Facebook is removing its ‘Messenger Day’ Snapchat clone within Messenger, and replacing it with cross-posted Facebook Stories, as part of a revamp of the way in which their Stories tools function.
As reported back in September, Messenger Day (70 million daily users) hadn't caught on the way Instagram Stories has (300 million daily users), and Facebook says there was also some confusion over how the tool worked. To clarify this, and as part of a wider effort to boost Facebook Stories – which has also seemingly failed to gain significant momentum – any story you post on Facebook or Messenger will now be viewable on both, broadening the opportunities of the two functions.
But differences will remain – as reported by TechCrunch:
“…the cameras in Facebook and Messenger will remain distinct, with Facebook’s focused on augmented reality masks and effects, while Messenger focuses on adding captions and stylized text inviting friends to hang out.”
This is likely part of Facebook’s efforts to keep Messenger’s data usage levels smaller, in order to reach more users, but will mean that despite the fact you can cross-post between the two apps, there will be composition variations, which could still cause some usage issues.
This also comes on the back of Facebook’s recent confirmation that all users will soon be able to cross-post their Instagram Stories to Facebook – meaning three of four of Facebook’s Stories functions will soon be linked (WhatsApp Status remains totally separate at this stage).
Though you won’t be able to post from Facebook/Messenger to Instagram, so again, there’s still a little confusion, but the merged Stories functionality shows that Facebook, while conceding that Messenger Day wasn’t the best option, isn’t giving up on Stories, and plans to keep pushing the format on Facebook in an effort to find a solution that sticks.
But that’s not all they’ve announced.
Alongside the announcement of the Messenger Day/Facebook Stories merger, Facebook's also rolling out collaborative Stories for Groups and Events, which will enable various participants to contribute to a Story to help provide added insights.
As you can see in the video, once a user has registered interest in an event, or joined a group, a new Story bubble will be added to their Stories bar at the top of the app, where a story is available. When you go create your Story, you’ll see any group or event Story you can contribute to as an option for posting, which will give users more opportunity to share their experiences at an event, or utilize a new way to contribute in group discussion.
Stories from different sources will have different icons, including Groups, Events and Instagram cross-posting.
Snapchat added similar earlier this year with ‘Custom Stories’, though Facebook, which has more than a billion users engaging with Groups every month, could see significantly wider usage for such an option, with the ability to add-in more collaborative options, and to better utilize multi-user posting.
The rules on who can post to Facebook Stories for Groups/Events will be governed by the relevant admins for each - admins can allow posts from everyone, deleting those they don’t like, or they can require approvals of posts. It’s a similar process for the new Messenger/Facebook cross-posts - users will be able to either opt for public posting, ‘Friends and Connections’ (which limits Stories to those you’ve engaged with on Messenger), Friends only (across FB and Messenger) and custom, which enables you to hide your Stories from specific users.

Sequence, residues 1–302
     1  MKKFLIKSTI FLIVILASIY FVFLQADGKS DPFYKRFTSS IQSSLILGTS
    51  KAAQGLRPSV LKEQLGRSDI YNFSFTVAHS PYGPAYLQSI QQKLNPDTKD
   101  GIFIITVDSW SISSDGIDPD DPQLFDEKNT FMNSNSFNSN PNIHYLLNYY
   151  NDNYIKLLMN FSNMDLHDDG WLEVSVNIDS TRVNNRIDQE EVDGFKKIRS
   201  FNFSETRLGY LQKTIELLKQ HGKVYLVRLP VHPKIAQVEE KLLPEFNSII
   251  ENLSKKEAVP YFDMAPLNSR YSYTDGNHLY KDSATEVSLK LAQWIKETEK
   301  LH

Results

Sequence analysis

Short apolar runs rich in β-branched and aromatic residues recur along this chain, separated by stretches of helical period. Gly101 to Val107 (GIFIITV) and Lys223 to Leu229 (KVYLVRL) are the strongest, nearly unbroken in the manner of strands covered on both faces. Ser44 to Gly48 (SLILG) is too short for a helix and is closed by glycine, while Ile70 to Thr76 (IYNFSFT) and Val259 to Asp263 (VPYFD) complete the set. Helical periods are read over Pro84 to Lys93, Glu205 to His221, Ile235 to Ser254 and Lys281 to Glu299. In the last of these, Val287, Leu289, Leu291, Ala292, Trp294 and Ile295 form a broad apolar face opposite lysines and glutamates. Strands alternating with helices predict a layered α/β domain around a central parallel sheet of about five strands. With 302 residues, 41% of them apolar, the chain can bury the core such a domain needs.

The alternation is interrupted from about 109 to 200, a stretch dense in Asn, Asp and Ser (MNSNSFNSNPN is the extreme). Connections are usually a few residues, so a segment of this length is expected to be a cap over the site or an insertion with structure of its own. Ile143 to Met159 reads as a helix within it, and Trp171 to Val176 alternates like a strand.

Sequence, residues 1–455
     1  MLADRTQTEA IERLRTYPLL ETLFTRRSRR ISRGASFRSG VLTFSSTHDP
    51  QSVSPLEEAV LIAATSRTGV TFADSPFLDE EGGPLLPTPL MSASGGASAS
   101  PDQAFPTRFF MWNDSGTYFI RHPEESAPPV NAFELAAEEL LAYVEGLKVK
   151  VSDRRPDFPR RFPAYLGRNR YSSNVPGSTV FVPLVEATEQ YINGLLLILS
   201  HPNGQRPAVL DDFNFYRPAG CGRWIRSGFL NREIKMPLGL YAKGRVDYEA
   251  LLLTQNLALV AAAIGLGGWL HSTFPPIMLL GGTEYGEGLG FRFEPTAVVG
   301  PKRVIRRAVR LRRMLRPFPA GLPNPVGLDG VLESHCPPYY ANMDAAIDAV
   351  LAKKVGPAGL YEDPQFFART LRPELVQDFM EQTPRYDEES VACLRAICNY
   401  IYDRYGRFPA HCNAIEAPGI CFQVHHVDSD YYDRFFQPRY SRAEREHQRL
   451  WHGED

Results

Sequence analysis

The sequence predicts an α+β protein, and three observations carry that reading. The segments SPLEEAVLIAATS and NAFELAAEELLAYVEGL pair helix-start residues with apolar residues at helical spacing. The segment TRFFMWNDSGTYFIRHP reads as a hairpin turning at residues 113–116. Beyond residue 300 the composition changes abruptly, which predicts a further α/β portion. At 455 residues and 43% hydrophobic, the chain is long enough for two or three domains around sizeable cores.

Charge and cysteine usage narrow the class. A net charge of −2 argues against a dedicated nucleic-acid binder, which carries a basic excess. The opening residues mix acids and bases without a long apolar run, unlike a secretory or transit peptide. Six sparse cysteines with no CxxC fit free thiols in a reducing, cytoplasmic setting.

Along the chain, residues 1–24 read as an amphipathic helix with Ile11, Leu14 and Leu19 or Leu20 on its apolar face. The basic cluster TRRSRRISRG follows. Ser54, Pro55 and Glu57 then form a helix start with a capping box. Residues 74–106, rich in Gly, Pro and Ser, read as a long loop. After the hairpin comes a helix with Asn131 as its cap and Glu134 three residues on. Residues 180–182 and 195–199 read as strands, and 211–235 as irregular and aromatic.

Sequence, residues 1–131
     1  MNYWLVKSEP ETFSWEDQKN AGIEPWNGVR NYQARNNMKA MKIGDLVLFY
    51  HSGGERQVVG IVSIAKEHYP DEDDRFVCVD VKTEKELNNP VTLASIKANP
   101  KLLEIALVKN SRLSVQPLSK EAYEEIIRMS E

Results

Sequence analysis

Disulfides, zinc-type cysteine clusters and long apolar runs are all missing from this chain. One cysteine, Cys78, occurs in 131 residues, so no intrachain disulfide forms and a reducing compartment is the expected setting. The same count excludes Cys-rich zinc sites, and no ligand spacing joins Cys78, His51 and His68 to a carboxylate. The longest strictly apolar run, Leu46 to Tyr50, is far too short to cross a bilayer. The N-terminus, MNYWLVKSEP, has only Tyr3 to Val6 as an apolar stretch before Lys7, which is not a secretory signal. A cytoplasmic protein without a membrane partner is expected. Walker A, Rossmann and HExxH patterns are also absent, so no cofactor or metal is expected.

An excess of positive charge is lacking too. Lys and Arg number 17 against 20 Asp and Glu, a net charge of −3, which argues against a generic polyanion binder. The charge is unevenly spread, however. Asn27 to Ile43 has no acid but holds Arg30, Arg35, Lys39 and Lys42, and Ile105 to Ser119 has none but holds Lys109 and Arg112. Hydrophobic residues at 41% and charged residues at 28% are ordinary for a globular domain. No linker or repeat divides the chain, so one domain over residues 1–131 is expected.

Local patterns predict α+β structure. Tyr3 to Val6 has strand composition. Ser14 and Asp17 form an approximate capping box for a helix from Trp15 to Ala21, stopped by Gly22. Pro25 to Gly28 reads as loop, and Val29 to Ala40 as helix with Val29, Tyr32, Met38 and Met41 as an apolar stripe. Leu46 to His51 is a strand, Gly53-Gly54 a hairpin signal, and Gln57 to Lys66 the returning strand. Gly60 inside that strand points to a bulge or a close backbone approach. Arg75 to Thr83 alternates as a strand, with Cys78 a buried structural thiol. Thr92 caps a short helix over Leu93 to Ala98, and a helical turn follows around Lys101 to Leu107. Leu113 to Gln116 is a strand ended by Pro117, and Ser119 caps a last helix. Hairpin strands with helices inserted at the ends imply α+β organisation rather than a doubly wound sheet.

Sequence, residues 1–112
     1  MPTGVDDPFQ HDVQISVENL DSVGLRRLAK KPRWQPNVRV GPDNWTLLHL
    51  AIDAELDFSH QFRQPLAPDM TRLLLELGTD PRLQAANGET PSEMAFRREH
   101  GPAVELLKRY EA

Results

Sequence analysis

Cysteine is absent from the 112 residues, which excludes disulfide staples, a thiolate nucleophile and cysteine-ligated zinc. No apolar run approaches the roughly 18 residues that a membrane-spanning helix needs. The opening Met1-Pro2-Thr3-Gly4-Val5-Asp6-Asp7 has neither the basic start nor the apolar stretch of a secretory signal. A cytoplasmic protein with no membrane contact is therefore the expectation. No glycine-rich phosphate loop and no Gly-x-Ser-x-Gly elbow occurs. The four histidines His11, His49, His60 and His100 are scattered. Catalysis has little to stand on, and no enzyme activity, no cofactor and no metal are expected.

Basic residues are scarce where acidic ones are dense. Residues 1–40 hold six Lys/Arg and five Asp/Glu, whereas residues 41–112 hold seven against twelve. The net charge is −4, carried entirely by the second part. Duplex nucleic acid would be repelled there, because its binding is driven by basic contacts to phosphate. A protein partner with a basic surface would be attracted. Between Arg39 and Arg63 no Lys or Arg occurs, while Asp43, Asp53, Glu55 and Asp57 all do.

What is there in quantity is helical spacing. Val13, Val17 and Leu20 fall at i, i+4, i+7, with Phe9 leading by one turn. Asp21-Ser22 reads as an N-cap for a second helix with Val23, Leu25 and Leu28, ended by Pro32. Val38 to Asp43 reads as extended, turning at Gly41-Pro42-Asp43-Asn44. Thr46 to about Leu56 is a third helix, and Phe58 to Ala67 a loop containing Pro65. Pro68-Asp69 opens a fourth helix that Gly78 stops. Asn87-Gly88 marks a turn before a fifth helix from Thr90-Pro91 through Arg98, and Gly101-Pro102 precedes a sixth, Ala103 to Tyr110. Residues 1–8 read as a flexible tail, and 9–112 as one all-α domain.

There are a few different considerations to take in on this front – while Facebook’s aiming to simplify the Stories process, it may actually lead to some confusion as to who can see what, and how, when people post, at least in its initial stages.
From a brand perspective, the new options open up various possibilities.
As we covered recently, Facebook’s decision to open up Stories to all Pages already provides new opportunities because of the prominent positioning of Stories within the app, while the ability to publicly post your Stories gives you another chance to broaden the reach of your messaging, outside of the News Feed alone.
Combining this capacity with the ability to reach Messenger's 1.3 billion users adds even more impetus to the option – and that’s before you consider the engagement potential of enabling group members and event participants to also contribute to your Stories content, further boosting reach and content capacity.
While Facebook Stories hasn’t taken off the way Facebook would like, it still, as noted, has prominent placement within the app – and now Stories will occupy the same top of screen real estate in two of the most used apps in the world. That’s an opportunity for exposure that’s hard to ignore – and even better, if you cross-post from Instagram, you’re now also reaching both Facebook and Messenger.
Brands who are already putting in the effort on Instagram will likely find that opportunity hard to ignore – even if you’re not sure about the option, it’s something that will definitely be worth experimenting with to see if it broadens your reach.
Of course, there may be some confusion between app functionality when cross-posting – whether links in Instagram Stories will function the same way when viewed on Messenger, for example, is unclear, and Facebook has also announced that Stories will soon be viewable in Facebook Lite, their low data usage version of their app aimed at developing markets. Will all the functionality of each tool cross-over to each app?
You’d think that, over time, all these different versions will merge, and all will provide similar functionality. But either way, it’s worth investigating how each could be applied to your business, and worth watching the updates from Facebook on usage, as more people find more ways to utilize the new Stories options, which could see usage rates increase across all the different platforms.